Monday, September 20, 2010

Working Dogs on the Farm

By Suzanne Alicie

Dogs are known as man’s (or woman’s) best friend, and they are excellent pets and companions. However, many dogs are also hard working family members who more than earn their room and board. Farm dogs are one of the many working dogs that have a lot more to do than be a playmate. 

Originally, most all dog breeds were trained and bred for a purpose other than being pets. There were guard dogs, hunting dogs, herding dogs, and dogs that pretty much did it all. Farm dogs fall into the last category, as they often have several jobs they are responsible for.

There are many working farms still around today which utilize these special dog breeds to herd, to protect, and to perform other important tasks. These working dogs have the natural instincts bred into them over the centuries, and go through extensive training to become trustworthy farm dogs.

Some of the breeds that are familiar with farm work  such as herding livestock and guarding herds include Border Collies, Australian Shepherds, Kelpies, Belgian Shepherds, Sheepdogs, and even several mixed breeds such as the German Shepherd/Rough Collie hybrid.

These working dogs get plenty of exercise as they help round up and move herds of cattle, sheep and other herd animals. They also work as guard dogs for chicken coops, herds of animals and the farm in general. A typical day for a working dog begins early and ends late, but a farm dog always has energy to play fetch, show some affection and be a pet as well as a hard working dog.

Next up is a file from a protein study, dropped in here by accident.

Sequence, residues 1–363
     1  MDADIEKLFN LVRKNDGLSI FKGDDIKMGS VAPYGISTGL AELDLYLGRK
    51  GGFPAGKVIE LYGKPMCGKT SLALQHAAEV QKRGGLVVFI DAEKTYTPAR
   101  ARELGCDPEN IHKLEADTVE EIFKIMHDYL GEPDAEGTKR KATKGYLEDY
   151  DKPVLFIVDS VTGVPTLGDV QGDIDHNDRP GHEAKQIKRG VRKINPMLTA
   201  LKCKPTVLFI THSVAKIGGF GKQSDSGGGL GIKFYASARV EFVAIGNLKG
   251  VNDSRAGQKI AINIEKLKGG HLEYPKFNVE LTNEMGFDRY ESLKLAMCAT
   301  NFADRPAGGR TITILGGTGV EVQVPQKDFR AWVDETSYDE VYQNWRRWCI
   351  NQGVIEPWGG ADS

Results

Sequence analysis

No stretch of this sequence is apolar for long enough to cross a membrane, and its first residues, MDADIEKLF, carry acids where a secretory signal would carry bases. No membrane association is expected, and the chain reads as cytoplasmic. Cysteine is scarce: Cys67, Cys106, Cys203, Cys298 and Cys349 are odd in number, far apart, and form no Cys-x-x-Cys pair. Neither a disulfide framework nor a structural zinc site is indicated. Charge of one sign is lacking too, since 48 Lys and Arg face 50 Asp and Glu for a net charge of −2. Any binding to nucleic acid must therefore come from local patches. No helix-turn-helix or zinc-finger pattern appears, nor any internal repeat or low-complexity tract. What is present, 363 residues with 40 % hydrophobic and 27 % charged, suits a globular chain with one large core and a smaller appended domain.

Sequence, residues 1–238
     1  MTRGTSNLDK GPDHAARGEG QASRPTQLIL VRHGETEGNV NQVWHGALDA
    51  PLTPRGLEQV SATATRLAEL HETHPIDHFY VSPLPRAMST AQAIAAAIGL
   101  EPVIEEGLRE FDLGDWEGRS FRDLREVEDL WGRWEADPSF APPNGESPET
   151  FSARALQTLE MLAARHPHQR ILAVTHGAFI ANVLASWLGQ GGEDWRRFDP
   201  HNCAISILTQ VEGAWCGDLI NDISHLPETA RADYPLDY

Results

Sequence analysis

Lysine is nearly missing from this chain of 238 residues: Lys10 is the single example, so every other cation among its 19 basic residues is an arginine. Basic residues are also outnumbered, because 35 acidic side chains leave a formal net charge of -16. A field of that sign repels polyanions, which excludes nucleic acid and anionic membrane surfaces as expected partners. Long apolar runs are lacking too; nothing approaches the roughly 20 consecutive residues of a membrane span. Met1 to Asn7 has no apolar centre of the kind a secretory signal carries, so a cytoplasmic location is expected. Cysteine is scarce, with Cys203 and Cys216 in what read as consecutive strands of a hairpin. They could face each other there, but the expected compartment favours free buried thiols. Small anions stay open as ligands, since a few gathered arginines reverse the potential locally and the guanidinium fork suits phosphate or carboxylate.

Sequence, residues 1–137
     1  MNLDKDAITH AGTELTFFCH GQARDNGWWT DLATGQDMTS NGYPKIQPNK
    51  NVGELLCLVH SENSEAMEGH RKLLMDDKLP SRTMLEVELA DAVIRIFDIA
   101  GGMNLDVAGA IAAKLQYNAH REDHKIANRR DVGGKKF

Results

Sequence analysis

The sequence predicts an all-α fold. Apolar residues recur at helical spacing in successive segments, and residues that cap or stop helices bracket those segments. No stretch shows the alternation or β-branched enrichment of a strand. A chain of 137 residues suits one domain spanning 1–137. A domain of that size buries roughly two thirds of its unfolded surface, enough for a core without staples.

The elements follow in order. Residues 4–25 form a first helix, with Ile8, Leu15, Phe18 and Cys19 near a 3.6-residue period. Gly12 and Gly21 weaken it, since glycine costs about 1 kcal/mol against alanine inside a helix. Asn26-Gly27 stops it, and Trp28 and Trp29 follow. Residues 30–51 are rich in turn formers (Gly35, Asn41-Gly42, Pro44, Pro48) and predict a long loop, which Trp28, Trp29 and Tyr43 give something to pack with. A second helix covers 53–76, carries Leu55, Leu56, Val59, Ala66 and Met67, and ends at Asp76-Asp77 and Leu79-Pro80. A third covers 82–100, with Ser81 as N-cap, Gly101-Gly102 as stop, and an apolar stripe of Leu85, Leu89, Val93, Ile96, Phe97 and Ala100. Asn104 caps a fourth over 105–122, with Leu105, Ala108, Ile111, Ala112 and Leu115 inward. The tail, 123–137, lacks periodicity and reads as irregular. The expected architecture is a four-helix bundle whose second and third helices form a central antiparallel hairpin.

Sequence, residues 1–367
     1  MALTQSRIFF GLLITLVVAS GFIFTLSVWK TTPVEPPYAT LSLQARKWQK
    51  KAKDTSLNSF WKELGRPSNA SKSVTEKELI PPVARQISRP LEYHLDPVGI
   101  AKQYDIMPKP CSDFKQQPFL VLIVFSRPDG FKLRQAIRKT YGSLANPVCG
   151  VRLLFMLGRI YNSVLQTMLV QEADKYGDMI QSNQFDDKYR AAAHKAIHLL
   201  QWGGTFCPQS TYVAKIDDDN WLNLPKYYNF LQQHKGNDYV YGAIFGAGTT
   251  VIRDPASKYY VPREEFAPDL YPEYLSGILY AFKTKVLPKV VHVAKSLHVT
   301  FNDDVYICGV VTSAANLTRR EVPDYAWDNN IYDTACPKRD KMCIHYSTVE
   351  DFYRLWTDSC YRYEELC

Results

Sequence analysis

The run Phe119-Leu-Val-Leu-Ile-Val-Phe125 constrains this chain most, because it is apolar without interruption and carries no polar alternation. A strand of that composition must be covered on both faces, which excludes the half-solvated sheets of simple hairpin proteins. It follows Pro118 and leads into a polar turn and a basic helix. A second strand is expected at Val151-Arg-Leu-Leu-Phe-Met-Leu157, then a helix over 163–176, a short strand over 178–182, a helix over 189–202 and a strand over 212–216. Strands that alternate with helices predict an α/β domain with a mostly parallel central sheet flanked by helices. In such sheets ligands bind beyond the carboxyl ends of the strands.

Farm dogs do face some dangers on the job, though. They are at risk of being trampled by livestock, getting snake bites, fighting with wild animals to protect a herd, and disease from other animals. These hard working dogs should be vaccinated thoroughly, examined regularly, and treated for fleas and ticks on a regular basis. A farmer is more than a responsible pet owner – he or she also has to be a good employer. More often than not, a farm dog is a common sight around the farm but is seldom found indoors. Their job isn’t over when the family turns in for the night; even when sleeping a farm dog is ready to sound the alert if something or someone trespasses where they shouldn’t be.

Problem solving and intuitive skills make farm dogs easy to train, and gives them the ability to easily and quickly decide when they are needed to round up a stray cow or save a chicken from a predator. A good farm dog that has been trained will perform their job, whether their human tells them to or not. That is the dedication and the work ethic that makes farm dogs reliable guardians of all you hold dear. They are paying attention whether you are watching them, or not even on the premises.

If your children are interested in dogs and other farm animals there is a wonderful website called Kids Farm that will teach them all about farm life, farm dogs and other animals that are found on farms. This site is a wonderful way for children and adults to learn about the type of jobs working dogs have on a farm.

Read more articles by Suzanne Alicie

1 comment:

  1. That's a great story. I never realized that dogs were used like this.


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